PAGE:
Did you know patches come out for VMware vCenter, just like any other component of your infrastructure? While we usually refer to these as updates in VMware lingo, patches do come out on a regular basis and should be applied to your vCenter as they become available.
Let’s take a look at why patches come out, and how to apply them.
Why Patch VMware vCenter Server?
vCenter is a critical component of any IT infrastructure, which is why it is important to keep it up to date.
Patches can include bug fixes, performance improvements, or even mitigations for security issues.
For example, CVE-2020-3952 is a vulnerability in vCenter server, which VMware addressed with VMSA-2020-0006, and an immediately available patch.
New to the world of IT security and Patching? Be sure to check out An Introduction to Security Advisories and Response for VMware vSphere Administrators!
The fact of the matter is things like this happen, and we need to be able to react quickly when they do.
Is it Patching vCenter or Updating vCenter?
This is a great question, because when we get into the vCenter Appliance Management Interface we are going to see the term “Update” everywhere.
Technically it is both. We are updating vCenter, but we are also patching it.
Patching is more of a general term, referring to applying a patch. A patch is a way to update or change a piece of software.
If you are talking to VMware people, they may say Update vcenter.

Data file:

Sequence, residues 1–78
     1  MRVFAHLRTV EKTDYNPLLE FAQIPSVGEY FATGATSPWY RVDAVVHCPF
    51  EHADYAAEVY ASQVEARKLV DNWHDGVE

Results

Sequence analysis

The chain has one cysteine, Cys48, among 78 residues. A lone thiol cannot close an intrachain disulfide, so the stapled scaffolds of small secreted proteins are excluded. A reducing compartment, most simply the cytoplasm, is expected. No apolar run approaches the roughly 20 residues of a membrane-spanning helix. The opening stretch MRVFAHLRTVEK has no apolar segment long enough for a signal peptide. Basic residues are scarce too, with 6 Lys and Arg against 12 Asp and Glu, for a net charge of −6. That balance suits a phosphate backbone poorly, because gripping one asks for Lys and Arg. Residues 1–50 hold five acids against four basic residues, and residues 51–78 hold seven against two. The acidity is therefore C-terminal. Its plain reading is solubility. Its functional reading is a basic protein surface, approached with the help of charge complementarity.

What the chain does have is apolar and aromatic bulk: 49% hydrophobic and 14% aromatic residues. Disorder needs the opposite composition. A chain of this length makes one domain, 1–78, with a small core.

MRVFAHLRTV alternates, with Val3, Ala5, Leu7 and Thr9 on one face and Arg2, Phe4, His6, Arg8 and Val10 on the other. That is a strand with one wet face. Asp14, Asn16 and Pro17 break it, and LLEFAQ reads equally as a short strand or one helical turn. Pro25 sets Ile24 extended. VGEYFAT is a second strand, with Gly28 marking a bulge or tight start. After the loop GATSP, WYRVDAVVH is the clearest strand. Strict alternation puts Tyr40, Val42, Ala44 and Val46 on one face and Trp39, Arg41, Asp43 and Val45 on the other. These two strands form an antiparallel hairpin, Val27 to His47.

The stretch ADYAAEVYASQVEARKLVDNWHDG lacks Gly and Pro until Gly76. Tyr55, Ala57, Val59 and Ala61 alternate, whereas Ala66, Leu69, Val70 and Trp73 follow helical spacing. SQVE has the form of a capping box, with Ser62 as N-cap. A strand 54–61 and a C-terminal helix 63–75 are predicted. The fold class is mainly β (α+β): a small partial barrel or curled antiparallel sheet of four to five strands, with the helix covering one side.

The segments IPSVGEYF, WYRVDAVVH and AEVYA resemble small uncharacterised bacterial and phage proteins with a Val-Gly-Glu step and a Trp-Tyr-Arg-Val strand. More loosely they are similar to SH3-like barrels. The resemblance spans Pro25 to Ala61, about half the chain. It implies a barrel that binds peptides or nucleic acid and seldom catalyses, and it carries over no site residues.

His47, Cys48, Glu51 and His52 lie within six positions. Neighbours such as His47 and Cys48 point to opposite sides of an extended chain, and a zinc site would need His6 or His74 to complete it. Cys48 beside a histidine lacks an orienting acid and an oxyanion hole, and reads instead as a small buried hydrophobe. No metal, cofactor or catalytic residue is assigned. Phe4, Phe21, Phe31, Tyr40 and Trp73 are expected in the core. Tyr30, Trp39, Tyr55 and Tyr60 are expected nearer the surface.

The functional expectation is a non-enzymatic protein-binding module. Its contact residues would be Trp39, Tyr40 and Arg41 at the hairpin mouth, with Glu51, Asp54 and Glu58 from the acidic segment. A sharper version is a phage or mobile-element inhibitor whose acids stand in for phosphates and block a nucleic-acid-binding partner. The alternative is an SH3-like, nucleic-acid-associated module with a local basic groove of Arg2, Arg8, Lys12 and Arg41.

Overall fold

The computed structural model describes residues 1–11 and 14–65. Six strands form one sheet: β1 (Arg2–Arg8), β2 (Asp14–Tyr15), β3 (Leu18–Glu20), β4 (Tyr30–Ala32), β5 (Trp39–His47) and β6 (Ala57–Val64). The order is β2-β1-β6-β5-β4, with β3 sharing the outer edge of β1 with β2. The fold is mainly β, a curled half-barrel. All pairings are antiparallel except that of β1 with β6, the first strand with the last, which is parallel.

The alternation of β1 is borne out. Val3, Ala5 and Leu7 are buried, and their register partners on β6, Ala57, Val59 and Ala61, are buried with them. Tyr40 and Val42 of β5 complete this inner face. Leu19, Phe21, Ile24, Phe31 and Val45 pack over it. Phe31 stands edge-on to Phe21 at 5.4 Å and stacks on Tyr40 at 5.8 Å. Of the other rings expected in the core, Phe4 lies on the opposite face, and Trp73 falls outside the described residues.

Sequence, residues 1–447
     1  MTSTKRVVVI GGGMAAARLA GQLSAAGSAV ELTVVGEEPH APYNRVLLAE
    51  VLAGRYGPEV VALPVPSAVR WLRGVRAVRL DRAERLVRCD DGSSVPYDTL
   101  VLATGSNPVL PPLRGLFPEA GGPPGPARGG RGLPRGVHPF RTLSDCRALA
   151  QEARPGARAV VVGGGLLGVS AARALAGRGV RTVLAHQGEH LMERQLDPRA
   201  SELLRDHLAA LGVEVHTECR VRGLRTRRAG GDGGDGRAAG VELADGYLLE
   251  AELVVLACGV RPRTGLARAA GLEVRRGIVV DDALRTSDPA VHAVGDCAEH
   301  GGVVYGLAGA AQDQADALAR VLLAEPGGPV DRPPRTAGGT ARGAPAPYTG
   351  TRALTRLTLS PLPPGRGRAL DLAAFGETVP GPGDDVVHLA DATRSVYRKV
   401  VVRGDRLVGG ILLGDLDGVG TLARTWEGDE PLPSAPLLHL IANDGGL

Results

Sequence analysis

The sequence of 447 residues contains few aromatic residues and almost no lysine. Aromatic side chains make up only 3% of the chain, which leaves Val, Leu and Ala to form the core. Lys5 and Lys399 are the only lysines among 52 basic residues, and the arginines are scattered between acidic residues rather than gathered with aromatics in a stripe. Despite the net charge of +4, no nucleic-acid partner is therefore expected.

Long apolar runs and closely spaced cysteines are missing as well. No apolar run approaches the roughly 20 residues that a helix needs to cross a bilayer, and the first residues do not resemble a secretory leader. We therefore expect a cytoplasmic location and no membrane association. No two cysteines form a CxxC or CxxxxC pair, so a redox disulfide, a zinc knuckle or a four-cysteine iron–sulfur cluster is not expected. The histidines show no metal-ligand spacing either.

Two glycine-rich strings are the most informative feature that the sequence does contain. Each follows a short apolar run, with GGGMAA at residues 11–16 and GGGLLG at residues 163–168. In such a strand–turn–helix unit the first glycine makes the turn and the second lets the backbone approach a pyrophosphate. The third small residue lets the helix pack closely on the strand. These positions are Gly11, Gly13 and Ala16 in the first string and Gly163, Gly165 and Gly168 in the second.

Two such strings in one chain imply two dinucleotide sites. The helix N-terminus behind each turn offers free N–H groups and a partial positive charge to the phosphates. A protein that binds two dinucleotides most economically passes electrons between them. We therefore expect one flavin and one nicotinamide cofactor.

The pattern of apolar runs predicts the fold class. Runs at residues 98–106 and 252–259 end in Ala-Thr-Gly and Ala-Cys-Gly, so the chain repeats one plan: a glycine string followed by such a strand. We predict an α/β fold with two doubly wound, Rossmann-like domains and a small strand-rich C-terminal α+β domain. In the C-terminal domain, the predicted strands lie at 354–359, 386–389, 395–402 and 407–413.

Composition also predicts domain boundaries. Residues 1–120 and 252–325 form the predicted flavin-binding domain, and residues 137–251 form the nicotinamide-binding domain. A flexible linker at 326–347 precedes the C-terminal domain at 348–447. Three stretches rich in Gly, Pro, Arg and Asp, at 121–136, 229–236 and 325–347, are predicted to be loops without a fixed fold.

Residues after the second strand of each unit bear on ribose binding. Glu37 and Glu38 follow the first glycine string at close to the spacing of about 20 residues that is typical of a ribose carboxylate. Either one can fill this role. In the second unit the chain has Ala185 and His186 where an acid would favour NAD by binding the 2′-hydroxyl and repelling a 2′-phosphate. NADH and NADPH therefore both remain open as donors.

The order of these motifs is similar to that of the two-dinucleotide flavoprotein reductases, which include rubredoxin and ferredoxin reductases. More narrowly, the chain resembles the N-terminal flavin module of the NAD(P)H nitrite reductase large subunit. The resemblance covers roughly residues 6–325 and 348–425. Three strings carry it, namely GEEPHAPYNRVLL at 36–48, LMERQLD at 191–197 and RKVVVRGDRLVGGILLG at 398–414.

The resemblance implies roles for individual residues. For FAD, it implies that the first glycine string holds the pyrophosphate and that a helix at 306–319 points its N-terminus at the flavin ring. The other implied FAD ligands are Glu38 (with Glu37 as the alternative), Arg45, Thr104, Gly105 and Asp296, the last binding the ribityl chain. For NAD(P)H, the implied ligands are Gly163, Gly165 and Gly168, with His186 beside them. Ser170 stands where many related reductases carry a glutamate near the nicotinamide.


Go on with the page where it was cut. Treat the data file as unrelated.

If you are talking to information security people, they may say Patching vCenter.
It is the same process, and has the same end goal: a vCenter server with the latest software updates and patches applied.
How to Update vCenter Server
Updating or Patching vCenter Server could not be simpler.
First, back up your vCenter, because we always do this when we patch or update vCenter.
Next, log into the VCSA VAMI, or vCenter Server Appliance Management Interface.
You can find it at:
Log in as the root user, and click Update on the left navigation pane:
Remember, this says Update, not patch, but we are really “patching” vCenter with this method.
Next, click Check Updates in the top right corner. This will check if there are any vCenter updates or patches available.
As you can see, there are a number of patches/updates are available. Since they are cumulate, we just need to pick the most recent one:
Now I want to point out something for those of you who may be wondering why the last time I checked for updates was more than 6 months ago.
This is a special VCSA I only turn on when I want to patch or upgrade it, then turn it off. It is a testing environment and NOT used for production workloads in any way, shape, or form. It is most often off!
You should have a patching process in place for vCenter, just like you would for any other part of your IT infrastructure environment or piece of software.
If you expand the triangle next to the version number, you can see more information about what services are impacted by the vCenter Update, and also the download size.
The text next to Pre-Check Updates was originally blue and said RUN PRE-UPDATE CHECKS. This takes a look at your environment and make sure everything is OK before starting the update process.